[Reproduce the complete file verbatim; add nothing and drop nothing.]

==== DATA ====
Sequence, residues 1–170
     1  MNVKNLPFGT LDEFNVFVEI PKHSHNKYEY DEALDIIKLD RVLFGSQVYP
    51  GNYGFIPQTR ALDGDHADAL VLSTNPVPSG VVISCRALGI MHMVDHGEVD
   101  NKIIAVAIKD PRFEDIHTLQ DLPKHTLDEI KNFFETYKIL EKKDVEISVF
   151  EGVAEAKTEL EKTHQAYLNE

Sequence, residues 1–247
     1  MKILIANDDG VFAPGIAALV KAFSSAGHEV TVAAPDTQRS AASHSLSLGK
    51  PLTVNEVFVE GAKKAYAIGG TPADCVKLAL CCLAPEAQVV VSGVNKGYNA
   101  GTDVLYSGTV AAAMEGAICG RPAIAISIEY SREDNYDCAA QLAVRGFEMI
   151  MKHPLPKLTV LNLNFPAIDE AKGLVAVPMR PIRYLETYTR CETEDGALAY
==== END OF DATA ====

Sequence, residues 1–170
     1  MNVKNLPFGT LDEFNVFVEI PKHSHNKYEY DEALDIIKLD RVLFGSQVYP
    51  GNYGFIPQTR ALDGDHADAL VLSTNPVPSG VVISCRALGI MHMVDHGEVD
   101  NKIIAVAIKD PRFEDIHTLQ DLPKHTLDEI KNFFETYKIL EKKDVEISVF
   151  EGVAEAKTEL EKTHQAYLNE

Sequence, residues 1–247
     1  MKILIANDDG VFAPGIAALV KAFSSAGHEV TVAAPDTQRS AASHSLSLGK
    51  PLTVNEVFVE GAKKAYAIGG TPADCVKLAL CCLAPEAQVV VSGVNKGYNA
   101  GTDVLYSGTV AAAMEGAICG RPAIAISIEY SREDNYDCAA QLAVRGFEMI
   151  MKHPLPKLTV LNLNFPAIDE AKGLVAVPMR PIRYLETYTR CETEDGALAY